Learning from resilience of proteas after fire

Lily Shaw and Sarah Truter asked the SANDF about the effects of the planned night shoot on animals in the area.

I spent the first 10 years of my working career in a forestry/environmental role.

This meant traipsing around the mountains in Jonkershoek and Grabouw.

During this time, I saw first-hand some of the best examples of the Cape flora, inclusive of the beautiful family of proteas.

I wonder if you recall the fires of March 2015? Vast tracts of land on the Table Mountain range, including much fynbos, burnt for weeks.

From Simon’s Town to Hout Bay, Muizenberg to Tokai, fires raged for 11 days.

Would the veld ever recover? Would the proteas recover and survive?

The answer to that was yes, and the protea led the way. It took time but the recovery may be seen in many places today.

Proteas have an in-built capacity to be resilient and this is found in two aspects: A strong and developed root system and an ability to sprout and/or reseed.

Sprouting plants often have insulating mechanisms to allow them to survive fire (for example, Protea nitida has thick bark on its stems that insulates buds from fire damage.)

Resprouters include plants that resprout from fire-resistant rootstocks, such as the grasses and species such as Proteaceae (With thanks to the GoBaviaans.co.za website).

It is no secret that entrepreneurs face two fronts of challenge, the outer and the inner. The inner one is all about developing a strong entrepreneurial mindset.

With this in mind, I want to focus on one inner aspect developing your sense of self-awareness.

Self-awareness means the habit of paying attention to the way you think, feel, and behave.

It means paying attention to how we tend to act and behave in certain situations. What are our default responses to things? What are our habits and tendencies?

The philosopher Friedrich Nietzsche said, “He who has a why can endure any how.”

And in various ways, research has affirmed this wisdom.

“Those leaders with strong self-knowledge – who have a clear understanding of their skills and shortcomings, their frustrations, and their core principles – are more likely to sustain those needed reserves of resilience to thrive through adversity and change,” wrote author Ron Carucci in Harvard Business Review, citing a study by the American Society of Business and Behavioural Sciences.

Here are seven ways to improve your self-awareness:

Get out of your comfort zone. Kalk Bay harbour is a haven when the seas are battering the wall. The fishing boat owners wisely take refuge at this time. Yet boats and ships are not meant to stay indefinitely in the comfort zone of the harbour. Rather, they must venture forth to fulfil the purpose for which they were built. So, it is with you and I.

Get to the bird’s eye view. When we are at the coalface of some heated discussion, client dissatisfaction or other conversation under pressure, we can sometimes lose objectivity. By intentionally observing yourself and your reactions, you may find a greater objectivity and a clearer perspective.

Revisit your values regularly (and act accordingly). We are stronger when we both know our values clearly and also live true to these values. I have experienced both the joy of staying true to my values as well as the dissonance of taking on someone else’s. I would recommend the first every time.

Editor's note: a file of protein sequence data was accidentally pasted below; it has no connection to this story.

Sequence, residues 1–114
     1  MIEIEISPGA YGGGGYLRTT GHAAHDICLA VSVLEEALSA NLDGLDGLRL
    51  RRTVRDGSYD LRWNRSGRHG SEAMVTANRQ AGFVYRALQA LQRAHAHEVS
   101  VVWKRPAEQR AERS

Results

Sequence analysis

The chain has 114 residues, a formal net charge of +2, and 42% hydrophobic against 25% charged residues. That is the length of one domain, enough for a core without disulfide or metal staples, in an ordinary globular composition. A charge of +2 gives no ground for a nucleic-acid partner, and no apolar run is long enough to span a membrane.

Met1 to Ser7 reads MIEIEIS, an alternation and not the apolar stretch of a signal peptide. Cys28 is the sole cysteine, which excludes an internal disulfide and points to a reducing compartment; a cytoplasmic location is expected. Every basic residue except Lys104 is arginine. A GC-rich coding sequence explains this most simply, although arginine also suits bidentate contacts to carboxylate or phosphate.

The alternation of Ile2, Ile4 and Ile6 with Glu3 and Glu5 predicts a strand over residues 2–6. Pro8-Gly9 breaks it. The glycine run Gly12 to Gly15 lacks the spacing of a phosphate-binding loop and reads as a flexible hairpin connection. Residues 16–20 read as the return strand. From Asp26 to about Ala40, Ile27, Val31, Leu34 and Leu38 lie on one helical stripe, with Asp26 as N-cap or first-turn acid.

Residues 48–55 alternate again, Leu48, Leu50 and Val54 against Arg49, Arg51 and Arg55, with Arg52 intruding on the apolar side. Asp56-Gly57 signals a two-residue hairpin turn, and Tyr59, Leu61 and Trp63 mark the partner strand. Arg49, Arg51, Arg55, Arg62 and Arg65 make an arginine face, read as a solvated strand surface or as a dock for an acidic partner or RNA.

Develop your gratitude meter. People are more familiar with and focused on the obstacles holding them back instead of the resources enabling them to succeed. It is by focusing on and being grateful for what you have that identifying solutions may arise. It is further true that most successful entrepreneurs have built this competency into their everyday life.

Learn a new skill. One of the consequences of the lockdown is that we have more time to attend to some of the things we have neglected before the crisis. An example is to grow in our skill in using technology. I am by no means an expert, but in publishing my book, Entreprenacity, during lockdown, I have had to grow in areas like editing, book design, uploading, etc. (Incidentally, I made use of external providers for much of these and am delighted I did so. ).

Understand your strengths and weaknesses. Resilient people have learnt to manage their weaknesses, but more importantly, deliberately play to their strengths. I am on a journey in this regard but can affirm the value of learning my strengths and living them. It has clearly helped grow the resilience muscle.

Embrace mistakes as strong teachers. In South Africa, the small business ecosystem has been slow to embrace the value of mistakes. In other countries, mistakes are seen as having “cut your teeth” and “earned your stripes”.

“We all make them, the difference is what we do after we make the mistake, how we see the mistake – a learning experience or a failure,” says author Catherine Pulsifer.

The “fire” of the Covid-19 crisis will reduce, die down and eventually be something that has passed. Yet the need for resilient entrepreneurs will still be vital. I trust that many will work on their “root system” and emerge stronger than before.

Steve Reid is the manager of the Centre for Entrepreneurship at False Bay College.

His book Entreprenacity was launched on Amazon on May 30.

The book captures the journeys of many entrepreneurs; shares nuggets and tools for aspiring entrepreneurs; helps those needing incubation and coaching; strengthens those needing to pitch to investors; and helps focus on the growth and entrepreneurial mindset

It represents 10 years of leading two incubators and working with a broad range of entrepreneurs.

It has also been a work in process for five years.

Entreprenacity is available on Amazon Kindle for $3.44 (roughly R60). Hard copies of the book will be available by the end of June.

For more information, email Steve.Reid@falsebay.org.za